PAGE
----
Locked into the present

By MARK TERKESSIDIS

Amid the crisis, there is only crisis. We fall to crisis, we react to crisis, our thinking is dominated by crisis. We estimate the effects it will have on the future. And every crisis is worse than the previous one. The crisis creates the total present, apparently there is no before and no after. Yet we could as well draw lessons from the last “crisis,” which wasn’t a “refugee crisis” but a governmental crisis: it were the (Western) European governments who did not want to believe that Syria was nearby, that a civil war was taking place there and that the situation of the refugees in Jordan, Lebanon, Turkey and Greece was becoming increasingly unbearable. For several years, the UNHCR travelled through Europe and emphasised that the funds for the people cared for by the UN Refugee Commission only covered 40 percent of the needs – and nobody reacted and increased the funds.

The crisis has a history.

With “corona” it is very similar. For a very long time a wide variety of experts and institutions has been pointing out the dangers of a pandemic. But as much as people apparently believe that globalisation can be limited to the trade in goods (while the migration of people is to be prevented regardless), they apparently also believe that viruses can be stopped by Frontex. Since the outbreak of HIV, at the latest, people have basically been pretending that viruses only affect “fringe groups” or non-Western people: Ebola, MERS, SARS, Zika, Dengue, West Nile fever – what did “we” have to do with it? At the same time, the World Health Organization (WHO) has been systematically de-funded by state governments – today it receives two thirds of its funds from the private sector and thus increasingly depends on it.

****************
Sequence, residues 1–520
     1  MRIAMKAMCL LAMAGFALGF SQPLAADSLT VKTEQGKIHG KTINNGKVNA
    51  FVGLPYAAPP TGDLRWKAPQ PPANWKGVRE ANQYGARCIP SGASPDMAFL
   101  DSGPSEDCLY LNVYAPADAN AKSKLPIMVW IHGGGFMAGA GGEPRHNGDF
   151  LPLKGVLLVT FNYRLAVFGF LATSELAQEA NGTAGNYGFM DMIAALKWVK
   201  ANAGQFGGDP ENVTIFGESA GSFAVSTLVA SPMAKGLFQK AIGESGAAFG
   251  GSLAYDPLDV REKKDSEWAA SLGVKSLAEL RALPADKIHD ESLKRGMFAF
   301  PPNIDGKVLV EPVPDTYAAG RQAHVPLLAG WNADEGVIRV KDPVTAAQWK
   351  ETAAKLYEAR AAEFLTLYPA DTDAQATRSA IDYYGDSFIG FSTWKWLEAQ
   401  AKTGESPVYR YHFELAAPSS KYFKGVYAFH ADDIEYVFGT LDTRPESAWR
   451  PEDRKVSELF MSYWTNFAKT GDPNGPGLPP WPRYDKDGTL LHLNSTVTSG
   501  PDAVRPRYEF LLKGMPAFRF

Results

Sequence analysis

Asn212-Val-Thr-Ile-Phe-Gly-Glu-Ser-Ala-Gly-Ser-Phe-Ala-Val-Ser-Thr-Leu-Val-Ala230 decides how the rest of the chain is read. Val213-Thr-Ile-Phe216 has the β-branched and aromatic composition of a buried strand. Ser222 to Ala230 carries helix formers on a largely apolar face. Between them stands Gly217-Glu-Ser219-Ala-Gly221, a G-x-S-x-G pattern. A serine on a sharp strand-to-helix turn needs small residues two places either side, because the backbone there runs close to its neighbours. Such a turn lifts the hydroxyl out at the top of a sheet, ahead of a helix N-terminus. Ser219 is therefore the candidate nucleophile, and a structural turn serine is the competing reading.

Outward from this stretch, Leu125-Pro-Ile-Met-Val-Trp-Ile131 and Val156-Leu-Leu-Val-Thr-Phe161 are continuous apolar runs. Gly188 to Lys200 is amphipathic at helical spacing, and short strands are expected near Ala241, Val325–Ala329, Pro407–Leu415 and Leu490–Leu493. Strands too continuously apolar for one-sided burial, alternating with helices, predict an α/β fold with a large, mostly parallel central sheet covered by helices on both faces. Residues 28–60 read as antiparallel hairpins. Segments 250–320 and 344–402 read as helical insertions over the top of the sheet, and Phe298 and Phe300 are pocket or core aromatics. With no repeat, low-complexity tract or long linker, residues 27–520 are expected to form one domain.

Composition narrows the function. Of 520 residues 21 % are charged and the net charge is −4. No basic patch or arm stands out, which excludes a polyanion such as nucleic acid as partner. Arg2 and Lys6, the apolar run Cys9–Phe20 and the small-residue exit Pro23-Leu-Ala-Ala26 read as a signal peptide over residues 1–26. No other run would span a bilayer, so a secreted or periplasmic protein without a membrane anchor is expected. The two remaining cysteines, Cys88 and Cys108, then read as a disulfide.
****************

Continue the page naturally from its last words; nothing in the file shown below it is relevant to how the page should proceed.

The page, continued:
In other words, this crisis, like any other, has a history.

Since real socialism, planning seems to have become a dirty word; it suffices to make the billions available when the crisis is imminent. The mayor of my home town recently told me that he can hardly communicate the consequences of the “refugee crisis” politically: Before 2015, all the small initiatives, the people with commitment had approached him for small amounts of money – and he had to tell them that the city doesn’t even have 500 euros to give. But then, with the “crisis” impending, suddenly millions of euros were spent. And when the crisis is considered to be over, we put it behind us. During the “refugee crisis”, a vast number of new forms of civil engagement and collaboration have emerged, as well as a myriad of new experiences – but did we learn from them at all?

After the crisis, we pretend that “normality,” this fetish, will return, and that all the pre-crisis mistakes can be committed anew. Right now new methods of problem solving are being tested – for example, in the responsive restructuring of education and labor. But how all these new experiences will be incorporated afterwards? Who will evaluate them? What might authorities learn from them? Without factoring in the lessons of the before and after, the crisis will remain a form of government that is locking is us into the present.